The HIV Justice Network (HJN) is a community-led non-governmental organisation building a co-ordinated, effective global response to HIV criminalisation.
HJN was formed in 2012 due to growing concern about punitive approaches to HIV prevention, and in particular, the inappropriate use of criminal law. We have grown in size, capacity and impact in the intervening decade.
HJN leads and supports the global movement against HIV criminalisation through several mutually reinforcing activities. We build the evidence base against the unjust criminalisation of people living with HIV by gathering relevant data and information from around the world; raise awareness of the harms of HIV criminalisation in scientific, medical, policy, advocacy, media and donor communities; galvanise and nurture the global movement against HIV criminalisation, providing an advocacy hub to bring individuals and national, regional and global networks and organisations together to catalyse change; and co-ordinate the HIV JUSTICE WORLDWIDE (HJWW) coalition which campaigns to end HIV criminalisation globally.
HJN is also the lead grantee for the HIV Justice Global Consortium, the mechanism through which HJN – and most HJWW activities – are funded thanks to the Robert Carr Fund for civil society networks.
HJN’s fiscal host is the HIV Justice Foundation, an independent, non-profit legal entity registered in the Netherlands in 2017 (as Stichting HIV Justice) specifically for this purpose.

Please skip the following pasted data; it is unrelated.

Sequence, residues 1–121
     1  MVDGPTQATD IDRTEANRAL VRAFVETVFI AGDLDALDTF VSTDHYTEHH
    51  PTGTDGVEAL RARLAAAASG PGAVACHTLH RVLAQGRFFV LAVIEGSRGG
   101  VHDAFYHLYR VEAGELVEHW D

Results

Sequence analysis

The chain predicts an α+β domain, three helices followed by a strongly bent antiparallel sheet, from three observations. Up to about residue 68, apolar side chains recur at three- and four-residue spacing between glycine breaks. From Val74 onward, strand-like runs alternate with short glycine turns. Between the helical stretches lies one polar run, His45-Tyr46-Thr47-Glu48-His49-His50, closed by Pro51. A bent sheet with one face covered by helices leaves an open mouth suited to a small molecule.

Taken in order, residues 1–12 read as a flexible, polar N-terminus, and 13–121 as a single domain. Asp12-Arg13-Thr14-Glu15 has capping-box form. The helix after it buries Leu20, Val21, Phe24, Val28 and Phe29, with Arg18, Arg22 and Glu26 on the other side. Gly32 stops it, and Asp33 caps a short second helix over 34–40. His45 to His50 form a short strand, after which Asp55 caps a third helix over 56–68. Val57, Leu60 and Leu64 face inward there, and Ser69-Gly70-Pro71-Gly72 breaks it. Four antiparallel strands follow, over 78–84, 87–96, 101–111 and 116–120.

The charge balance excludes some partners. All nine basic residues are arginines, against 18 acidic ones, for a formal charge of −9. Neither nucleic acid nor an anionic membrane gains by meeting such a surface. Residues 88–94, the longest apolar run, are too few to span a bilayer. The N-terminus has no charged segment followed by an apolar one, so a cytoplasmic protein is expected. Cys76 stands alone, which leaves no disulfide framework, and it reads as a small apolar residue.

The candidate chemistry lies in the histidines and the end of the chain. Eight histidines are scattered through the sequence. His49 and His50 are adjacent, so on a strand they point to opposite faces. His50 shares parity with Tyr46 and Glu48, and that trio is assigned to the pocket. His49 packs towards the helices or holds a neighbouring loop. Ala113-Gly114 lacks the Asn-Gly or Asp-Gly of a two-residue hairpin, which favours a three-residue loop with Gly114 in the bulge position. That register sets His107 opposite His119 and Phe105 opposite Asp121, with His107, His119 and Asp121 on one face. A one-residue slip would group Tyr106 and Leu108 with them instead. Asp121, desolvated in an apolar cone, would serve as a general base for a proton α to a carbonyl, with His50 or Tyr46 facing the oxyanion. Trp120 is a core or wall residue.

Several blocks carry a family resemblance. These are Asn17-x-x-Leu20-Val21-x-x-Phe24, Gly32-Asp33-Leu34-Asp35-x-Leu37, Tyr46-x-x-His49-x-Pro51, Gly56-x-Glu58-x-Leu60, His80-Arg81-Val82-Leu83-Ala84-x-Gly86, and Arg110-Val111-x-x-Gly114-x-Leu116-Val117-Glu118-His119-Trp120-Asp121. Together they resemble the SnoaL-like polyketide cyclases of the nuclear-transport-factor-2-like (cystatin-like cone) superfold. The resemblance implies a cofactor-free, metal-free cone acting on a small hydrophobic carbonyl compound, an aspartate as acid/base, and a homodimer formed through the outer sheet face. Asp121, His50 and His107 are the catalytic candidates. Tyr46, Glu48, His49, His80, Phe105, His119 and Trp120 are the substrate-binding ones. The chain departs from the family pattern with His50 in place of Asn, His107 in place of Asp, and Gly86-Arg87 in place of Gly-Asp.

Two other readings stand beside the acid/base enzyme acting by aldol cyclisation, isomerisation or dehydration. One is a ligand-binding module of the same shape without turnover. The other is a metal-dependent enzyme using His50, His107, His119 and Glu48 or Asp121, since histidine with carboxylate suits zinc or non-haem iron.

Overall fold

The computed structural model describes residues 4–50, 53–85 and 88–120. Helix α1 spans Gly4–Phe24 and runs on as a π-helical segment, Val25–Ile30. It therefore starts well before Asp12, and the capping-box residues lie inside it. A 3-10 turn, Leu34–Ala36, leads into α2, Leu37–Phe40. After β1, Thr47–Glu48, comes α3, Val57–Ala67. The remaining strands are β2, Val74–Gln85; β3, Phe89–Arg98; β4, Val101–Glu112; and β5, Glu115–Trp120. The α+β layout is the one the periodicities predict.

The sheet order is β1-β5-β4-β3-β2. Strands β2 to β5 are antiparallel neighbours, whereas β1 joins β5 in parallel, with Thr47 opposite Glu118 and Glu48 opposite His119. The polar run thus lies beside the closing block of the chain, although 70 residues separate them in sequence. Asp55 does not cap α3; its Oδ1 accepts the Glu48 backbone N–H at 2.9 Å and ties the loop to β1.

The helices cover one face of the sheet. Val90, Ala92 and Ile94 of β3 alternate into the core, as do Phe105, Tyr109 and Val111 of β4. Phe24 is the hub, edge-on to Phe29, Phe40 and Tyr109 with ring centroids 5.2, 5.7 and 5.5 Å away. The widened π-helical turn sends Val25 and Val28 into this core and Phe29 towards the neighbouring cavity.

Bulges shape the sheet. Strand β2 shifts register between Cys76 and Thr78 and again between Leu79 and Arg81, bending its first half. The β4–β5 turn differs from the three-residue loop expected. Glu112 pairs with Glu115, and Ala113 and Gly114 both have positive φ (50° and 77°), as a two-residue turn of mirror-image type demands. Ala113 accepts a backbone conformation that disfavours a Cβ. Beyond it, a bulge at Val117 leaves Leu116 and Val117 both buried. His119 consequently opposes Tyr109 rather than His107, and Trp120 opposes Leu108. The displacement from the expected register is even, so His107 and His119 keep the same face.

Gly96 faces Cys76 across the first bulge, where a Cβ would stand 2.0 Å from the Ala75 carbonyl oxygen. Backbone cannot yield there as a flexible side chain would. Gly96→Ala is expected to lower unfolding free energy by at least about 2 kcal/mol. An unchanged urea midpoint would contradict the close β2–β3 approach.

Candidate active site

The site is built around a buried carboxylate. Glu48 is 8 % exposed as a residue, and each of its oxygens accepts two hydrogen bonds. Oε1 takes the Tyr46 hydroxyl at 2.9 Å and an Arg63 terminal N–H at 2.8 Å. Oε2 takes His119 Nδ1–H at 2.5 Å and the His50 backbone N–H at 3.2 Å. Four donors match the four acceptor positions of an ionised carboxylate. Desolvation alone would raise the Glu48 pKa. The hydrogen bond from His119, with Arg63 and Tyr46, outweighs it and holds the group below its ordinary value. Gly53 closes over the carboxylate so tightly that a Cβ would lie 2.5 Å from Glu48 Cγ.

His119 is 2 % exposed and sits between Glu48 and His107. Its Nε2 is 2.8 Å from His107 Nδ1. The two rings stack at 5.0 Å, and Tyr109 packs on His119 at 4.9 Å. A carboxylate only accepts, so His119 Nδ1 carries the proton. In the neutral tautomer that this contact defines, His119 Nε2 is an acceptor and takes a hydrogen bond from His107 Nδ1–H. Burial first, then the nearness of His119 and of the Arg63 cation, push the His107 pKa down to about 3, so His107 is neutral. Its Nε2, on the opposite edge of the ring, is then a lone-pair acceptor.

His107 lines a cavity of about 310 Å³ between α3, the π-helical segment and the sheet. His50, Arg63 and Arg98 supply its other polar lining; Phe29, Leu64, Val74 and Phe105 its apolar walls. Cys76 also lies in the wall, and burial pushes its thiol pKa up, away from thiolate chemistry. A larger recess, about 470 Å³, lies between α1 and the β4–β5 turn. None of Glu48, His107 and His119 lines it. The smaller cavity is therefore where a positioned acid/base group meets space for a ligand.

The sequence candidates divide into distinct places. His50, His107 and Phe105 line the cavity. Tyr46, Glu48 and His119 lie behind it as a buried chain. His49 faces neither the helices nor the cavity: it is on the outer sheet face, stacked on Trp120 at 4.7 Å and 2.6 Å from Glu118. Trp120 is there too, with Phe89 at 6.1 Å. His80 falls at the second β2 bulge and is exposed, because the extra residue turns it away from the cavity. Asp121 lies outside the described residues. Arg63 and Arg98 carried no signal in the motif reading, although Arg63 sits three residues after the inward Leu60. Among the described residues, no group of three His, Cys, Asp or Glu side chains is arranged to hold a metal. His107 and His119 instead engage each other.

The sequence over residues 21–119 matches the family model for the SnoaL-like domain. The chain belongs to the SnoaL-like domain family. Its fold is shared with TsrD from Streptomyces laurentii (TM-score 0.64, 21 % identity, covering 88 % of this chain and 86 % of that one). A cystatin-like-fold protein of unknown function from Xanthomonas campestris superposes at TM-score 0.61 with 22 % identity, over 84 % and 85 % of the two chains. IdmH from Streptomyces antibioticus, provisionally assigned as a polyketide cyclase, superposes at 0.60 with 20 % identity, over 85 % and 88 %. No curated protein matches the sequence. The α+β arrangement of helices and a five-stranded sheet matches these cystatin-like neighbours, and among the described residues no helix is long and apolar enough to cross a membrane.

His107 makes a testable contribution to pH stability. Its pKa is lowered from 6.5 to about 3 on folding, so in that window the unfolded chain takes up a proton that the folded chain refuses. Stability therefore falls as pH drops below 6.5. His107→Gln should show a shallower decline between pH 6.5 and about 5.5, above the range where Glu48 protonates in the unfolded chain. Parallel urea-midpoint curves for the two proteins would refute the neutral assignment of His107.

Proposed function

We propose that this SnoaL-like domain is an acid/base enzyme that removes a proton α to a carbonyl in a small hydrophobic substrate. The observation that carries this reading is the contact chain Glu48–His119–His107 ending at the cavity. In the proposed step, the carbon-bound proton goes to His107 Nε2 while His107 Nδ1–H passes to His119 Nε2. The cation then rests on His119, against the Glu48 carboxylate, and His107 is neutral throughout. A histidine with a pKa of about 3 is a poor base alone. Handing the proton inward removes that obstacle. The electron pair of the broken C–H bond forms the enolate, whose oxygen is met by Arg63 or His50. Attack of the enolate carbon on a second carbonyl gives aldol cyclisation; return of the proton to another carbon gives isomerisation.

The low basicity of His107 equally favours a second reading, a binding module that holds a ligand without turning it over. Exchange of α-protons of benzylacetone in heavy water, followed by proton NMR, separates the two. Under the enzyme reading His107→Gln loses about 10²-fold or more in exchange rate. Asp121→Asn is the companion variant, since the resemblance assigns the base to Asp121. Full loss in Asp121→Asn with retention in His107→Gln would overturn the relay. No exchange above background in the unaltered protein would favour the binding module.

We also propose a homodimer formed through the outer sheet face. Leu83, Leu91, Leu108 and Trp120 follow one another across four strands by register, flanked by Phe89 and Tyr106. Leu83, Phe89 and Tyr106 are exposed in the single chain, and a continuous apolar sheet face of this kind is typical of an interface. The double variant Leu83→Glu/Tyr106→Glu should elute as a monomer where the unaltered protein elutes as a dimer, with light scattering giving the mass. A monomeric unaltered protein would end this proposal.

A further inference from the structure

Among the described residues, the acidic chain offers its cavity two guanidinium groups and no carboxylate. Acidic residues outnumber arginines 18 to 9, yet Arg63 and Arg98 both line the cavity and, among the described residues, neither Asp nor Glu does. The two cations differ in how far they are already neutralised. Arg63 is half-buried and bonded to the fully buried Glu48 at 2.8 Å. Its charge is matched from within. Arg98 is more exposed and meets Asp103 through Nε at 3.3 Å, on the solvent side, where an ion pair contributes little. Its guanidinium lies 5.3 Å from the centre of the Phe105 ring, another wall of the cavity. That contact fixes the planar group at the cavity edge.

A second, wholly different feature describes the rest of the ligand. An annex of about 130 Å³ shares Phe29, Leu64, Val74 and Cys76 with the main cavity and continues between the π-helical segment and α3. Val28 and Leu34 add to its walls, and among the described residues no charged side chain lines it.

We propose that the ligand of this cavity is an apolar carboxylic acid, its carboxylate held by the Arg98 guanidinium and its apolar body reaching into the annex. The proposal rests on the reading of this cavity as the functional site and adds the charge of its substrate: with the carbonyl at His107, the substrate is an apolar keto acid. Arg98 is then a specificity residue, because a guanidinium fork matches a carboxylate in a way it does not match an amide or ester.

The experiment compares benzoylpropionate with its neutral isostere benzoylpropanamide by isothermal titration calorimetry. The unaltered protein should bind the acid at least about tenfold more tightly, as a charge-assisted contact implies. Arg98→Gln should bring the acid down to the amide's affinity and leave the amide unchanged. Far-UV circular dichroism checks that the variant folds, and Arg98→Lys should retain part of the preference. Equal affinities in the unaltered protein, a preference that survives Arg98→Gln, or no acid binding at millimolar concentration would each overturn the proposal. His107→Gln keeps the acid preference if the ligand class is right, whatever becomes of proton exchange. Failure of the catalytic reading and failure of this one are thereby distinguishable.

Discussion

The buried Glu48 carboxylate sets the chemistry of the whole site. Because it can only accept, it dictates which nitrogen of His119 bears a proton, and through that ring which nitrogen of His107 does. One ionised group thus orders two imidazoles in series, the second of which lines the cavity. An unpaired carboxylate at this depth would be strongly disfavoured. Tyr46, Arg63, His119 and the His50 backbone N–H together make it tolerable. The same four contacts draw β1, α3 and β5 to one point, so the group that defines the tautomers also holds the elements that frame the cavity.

Our team operates remotely and is located in countries across Europe, Africa and the Americas.
We benefit from the strategic input of two governance mechanisms: a Supervisory Board and our Global Advisory Panel, an international expert group comprising individuals working on HIV and intersectional criminalisation from all regions of the world.
The idea behind the HIV Justice Network was first conceived when NAM (HJN’s former fiscal host) partnered with the Global Network of People Living with HIV (GNP+) and the Canadian HIV/AIDS Legal Network (HIV Legal Network) on a pre-conference on HIV criminalisation in Vienna prior to AIDS 2010. It was here that the need for a global network of advocates working to end HIV criminalisation was conceptualised by Edwin J Bernard, who eventually became HJN’s first Global Co-ordinator, and subsequently its Executive Director.
In 2012, Edwin co-ordinated the Oslo Declaration on HIV Criminalisation. More than 1700 individuals and organisations from 120 countries have since supported the Declaration, which became HJN’s founding document.
Following seed funding from the Monument Trust, HJN officially launched in November 2012, with a website that remains a unique asset to advocacy on this issue. It was the first international resource to effectively centralise information not only about HIV criminalisation laws, policies and law enforcement, but also the growing global movement against HIV criminalisation.
HJN’s strength (and its growth in influence) came from collaborating with larger organisations that shared similar goals, values and principles. It has also made innovative use of video and social media to achieve a significant increase in awareness of the issue of HIV criminalisation despite only having limited resources.
In early 2015, HJN approached a number of partners to create the first HIV Justice Global Consortium – comprising the AIDS and Rights Alliance for Southern Africa (ARASA, financial lead); HJN (technical lead); HIV Legal Network, GNP+, the Sero Project (Sero) and Positive Women’s Network-USA – which was successful in its application for three-year funding from the Robert Carr Fund for civil society networks.
The six organisations began a joint workplan in January 2016, launching HIV JUSTICE WORLDWIDE (HJWW) in March 2016. HJWW established a Steering Committee (SC) comprising the six Consortium partners plus the International Community of Women Living with HIV (ICW).